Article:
The Guardian’s lethal narrative about snipers who murder innocent children.

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This essay was originally published at CiF Watch

On Mar 26, 2001, an Israeli named Shalhevet Pass, age 10 months, was killed by Palestinian sniper fire at the entrance to the Avraham Avinu neighborhood in Hebron. Shalhevet was shot in the brain, while in her stroller – with her parents by her side.

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Chillingly, an investigation ruled that the the infant was shot deliberately.

The Jewish baby was one of dozens of Israelis who have been murdered as the result of Palestinian sniper fire emanating from Gaza or the West Bank since the early 90s.

Pass’s murder came to mind when I first read a 2012 report by the Guardian’s Chris McGreal suggesting that IDF soldiers deliberately took aim at Palestinian kids – a narrative of Israeli cruelty which actually paled in comparison to a 2005 story he wrote which was even more explicit in evoking the image of such sadistic villainy.

In ‘Rachel Corrie verdict exposes Israeli military mindset‘, Aug. 28, McGreal, in an effort to contextualize the death of Rachel Corrie, and dismissal of the Corrie family lawsuit, as symptomatic of something much darker, argued that “the state of the collective Israeli military mind…cast the definition of enemies so widely that children walking down the street were legitimate targets if they crossed a red line that was invisible to everyone but the soldiers looking at it.”

McGreal’s 2005 Guardian report – cross posted at one well-known conspiracy site – was titled in a manner leaving nothing to the imagination:

snipers

Here are some passages from McGreal’s tale.

“It was the shooting of Asma Mughayar that swept away any lingering doubts I had about how it is the Israeli army kills so many Palestinian children and civilians.

Asma, 16, and her younger brother, Ahmad, were collecting laundry from the roof of their home in the south of the Gaza Strip in May last year when they were felled by an Israeli army sniper. Neither child was armed or threatening the soldier, who fired unseen through a hole punched in the wall of a neighbouring block of flats.

the army changed its account and claimed the pair were killed by a Palestinian, though there was persuasive evidence pointing to the Israeli sniper’s nest.

In southern Gaza, the killings take place in a climate that amounts to a form of terror against the population. Random fire into Rafah and Khan Yunis has claimed hundreds of lives, including five children shot as they sat at their school desks.Many others have died when the snipers must have known who was in their sights – children playing football, sitting outside home, walking back from school.”

McGreal provided no source for the fantastical story – which was, perhaps, inspired by dispatches in 2001 from Gaza by the discredited American reporter Chris Hedges – and certainly nothing resembling actual evidence that Israeli snipers fired on Palestinian children.

Of course, the most iconic image, preceding the reports by McGreal and Hedges, purporting to characterize unimaginable Israeli malevolence – that Israelis deliberately kill innocent and defenseless children – was the reported death, in Sept of 2000, of Mohammed al-Durrah.

The incident – illustrated by a video purportedly showing a father standing by impotently as the Israelis shot down, in cold blood, his terrified son – was quickly framed in the West  as a justifiable source of outrage for “a beleaguered Palestinian people fighting for their independence“.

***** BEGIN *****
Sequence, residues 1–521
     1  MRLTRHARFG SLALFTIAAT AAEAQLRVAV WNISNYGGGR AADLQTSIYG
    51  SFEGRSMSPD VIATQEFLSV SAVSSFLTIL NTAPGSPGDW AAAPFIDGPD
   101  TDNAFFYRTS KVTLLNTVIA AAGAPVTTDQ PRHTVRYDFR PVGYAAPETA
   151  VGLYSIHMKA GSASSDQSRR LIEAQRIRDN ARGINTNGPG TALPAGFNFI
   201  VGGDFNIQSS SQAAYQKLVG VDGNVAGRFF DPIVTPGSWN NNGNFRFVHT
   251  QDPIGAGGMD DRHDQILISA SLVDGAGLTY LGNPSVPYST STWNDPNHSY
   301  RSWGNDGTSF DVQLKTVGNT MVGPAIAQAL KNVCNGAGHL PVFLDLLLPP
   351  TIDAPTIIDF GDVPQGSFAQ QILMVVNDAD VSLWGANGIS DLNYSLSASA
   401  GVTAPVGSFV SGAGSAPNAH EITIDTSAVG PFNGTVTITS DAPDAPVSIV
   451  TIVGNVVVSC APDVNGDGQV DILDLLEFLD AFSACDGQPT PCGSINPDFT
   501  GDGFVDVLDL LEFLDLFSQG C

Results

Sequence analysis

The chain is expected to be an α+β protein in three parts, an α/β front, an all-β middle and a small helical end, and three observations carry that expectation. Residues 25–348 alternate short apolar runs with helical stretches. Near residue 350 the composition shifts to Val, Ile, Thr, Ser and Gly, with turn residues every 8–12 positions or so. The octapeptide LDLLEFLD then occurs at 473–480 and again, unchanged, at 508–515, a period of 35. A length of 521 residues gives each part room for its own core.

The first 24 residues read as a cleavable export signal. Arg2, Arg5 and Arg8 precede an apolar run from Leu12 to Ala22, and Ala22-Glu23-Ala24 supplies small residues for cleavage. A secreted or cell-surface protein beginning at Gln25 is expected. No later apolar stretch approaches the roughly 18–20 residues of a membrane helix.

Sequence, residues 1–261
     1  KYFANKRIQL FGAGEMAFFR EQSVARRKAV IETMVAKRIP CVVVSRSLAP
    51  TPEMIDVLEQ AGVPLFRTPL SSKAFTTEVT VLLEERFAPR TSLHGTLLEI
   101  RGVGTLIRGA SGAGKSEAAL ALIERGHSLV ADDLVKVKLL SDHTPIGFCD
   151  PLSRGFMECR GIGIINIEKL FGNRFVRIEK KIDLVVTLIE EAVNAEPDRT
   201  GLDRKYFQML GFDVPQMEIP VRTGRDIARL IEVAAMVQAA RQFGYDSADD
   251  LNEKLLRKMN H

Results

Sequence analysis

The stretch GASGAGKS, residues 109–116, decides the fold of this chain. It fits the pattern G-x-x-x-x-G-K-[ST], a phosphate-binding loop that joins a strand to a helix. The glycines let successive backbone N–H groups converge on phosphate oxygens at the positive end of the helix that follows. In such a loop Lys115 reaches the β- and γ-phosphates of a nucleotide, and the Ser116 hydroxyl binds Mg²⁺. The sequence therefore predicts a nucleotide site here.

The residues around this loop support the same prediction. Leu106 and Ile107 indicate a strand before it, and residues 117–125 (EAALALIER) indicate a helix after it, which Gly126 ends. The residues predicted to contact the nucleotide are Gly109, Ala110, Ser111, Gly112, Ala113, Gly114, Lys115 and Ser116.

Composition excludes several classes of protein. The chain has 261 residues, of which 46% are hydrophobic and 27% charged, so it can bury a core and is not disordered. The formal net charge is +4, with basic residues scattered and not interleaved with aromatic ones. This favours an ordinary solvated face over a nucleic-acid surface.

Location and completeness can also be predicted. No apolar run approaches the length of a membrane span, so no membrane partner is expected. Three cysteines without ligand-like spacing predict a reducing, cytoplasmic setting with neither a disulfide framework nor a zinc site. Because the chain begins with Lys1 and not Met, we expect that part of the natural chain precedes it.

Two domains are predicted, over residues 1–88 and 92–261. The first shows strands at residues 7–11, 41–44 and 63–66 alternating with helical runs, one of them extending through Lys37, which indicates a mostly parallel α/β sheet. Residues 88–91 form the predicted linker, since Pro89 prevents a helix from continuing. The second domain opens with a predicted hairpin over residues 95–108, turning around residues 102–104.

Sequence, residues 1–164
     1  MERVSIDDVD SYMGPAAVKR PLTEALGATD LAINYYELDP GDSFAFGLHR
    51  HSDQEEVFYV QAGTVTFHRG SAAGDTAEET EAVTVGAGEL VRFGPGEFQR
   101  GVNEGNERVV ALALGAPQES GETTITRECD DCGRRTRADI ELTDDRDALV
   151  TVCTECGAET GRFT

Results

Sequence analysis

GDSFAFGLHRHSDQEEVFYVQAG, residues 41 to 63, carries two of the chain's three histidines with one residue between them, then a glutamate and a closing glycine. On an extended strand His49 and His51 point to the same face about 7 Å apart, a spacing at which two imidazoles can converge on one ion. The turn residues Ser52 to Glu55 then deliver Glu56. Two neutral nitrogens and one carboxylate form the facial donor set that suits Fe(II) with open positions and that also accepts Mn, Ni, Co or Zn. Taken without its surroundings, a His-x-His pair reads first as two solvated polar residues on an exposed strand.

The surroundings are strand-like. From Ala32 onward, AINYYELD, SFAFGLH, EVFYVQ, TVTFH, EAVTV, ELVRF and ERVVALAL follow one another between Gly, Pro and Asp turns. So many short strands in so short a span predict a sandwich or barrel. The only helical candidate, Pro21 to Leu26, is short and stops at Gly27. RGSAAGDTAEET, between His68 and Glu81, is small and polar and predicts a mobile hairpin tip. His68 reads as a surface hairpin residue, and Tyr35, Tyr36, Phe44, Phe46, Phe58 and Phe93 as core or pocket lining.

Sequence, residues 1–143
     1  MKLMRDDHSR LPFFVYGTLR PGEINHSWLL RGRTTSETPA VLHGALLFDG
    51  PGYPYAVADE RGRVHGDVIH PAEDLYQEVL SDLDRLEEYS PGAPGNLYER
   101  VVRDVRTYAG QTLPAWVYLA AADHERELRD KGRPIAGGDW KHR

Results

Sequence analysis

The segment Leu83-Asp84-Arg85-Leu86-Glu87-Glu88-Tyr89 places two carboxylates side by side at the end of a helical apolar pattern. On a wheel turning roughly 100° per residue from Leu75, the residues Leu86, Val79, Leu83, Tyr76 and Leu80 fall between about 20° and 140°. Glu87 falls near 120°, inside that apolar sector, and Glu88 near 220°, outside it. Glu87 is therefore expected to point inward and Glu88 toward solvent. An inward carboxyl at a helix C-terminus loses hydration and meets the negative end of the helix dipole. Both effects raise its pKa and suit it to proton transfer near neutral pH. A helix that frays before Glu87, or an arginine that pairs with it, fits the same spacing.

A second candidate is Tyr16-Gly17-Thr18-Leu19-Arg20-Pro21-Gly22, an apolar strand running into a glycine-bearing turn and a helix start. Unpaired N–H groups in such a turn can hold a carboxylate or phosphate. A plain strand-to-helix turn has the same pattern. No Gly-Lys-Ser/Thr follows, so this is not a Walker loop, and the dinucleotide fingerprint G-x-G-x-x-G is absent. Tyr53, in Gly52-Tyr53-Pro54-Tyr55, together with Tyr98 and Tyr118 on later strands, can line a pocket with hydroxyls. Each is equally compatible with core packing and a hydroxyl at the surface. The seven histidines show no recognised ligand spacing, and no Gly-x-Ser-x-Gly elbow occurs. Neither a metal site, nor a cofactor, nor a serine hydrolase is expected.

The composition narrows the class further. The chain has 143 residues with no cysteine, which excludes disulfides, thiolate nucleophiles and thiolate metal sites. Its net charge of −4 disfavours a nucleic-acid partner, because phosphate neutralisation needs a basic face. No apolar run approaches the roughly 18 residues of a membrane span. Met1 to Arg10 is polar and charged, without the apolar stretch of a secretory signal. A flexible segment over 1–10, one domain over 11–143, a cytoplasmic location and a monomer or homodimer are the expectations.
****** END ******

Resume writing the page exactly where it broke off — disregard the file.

Despite the fact that the evidence of the case overwhelmingly demonstrates that al-Durrah was almost certainly not shot by Israelis, and, in fact, in all likelihood, was not shot at all, what Shelby Steele describes as poetic truths triumphed over the empirical evidence, and a lethal narrative about Zionist brutality, which continues to incite Jihadists to this day, emerged victorious.

This one incident became an icon of hatred towards Israel.

Countries had postage stamps honoring al-Durrah. Daniel Pearl was killed to avenge his “death”. Osama Bin Laden used the incident to incite before 9/11, and town squares & academies have been named after him.  Al-Durrah was even referred to in the Arab media as “a tiny sleeping Jesus“.

In short, he became a poster child for the Intifada, and as proof of Zionist malice.

More recently, a French Jihadist named Muhammad Merah murdered Jewish school-girls in cold blood outside their school in Toulouse to avenge the murder of Palestinian children at the hands of Israeli soldiers.

Yet, how many people in the West even know the name ‘Shalhevet Pass’?

Indeed, no matter how absurd the charges that the IDF targets innocent Palestinian kids, such morally reckless narratives evoking the specter of unimaginable Jewish malevolence has become so ingrained in the Islamist and extreme-left imagination that the facts regarding such libels have become largely irrelevant.

Richard Landes explained the significance of the media’s unfathomable credulity in the face of such crude propaganda, thus:

“One of the key functions of the mainstream news media is to serve as a dialysis machine, filtering out the poisons that can weaken the civil polities in which they operate. At least in the Arab-Israeli conflict, they have, alas, played the role of injecting the poisons of lethal narratives into the information stream of the West.”

When Chris McGreal conjures the grotesque image of bloodthirsty IDF soldiers ruthlessly taking aim at innocent Palestinian children, the already powerful Judeophobic antipathy – nurtured continually in the Middle East – becomes that much more impenetrable, and violence directed at Israeli and non-Israeli Jews that much more probable.

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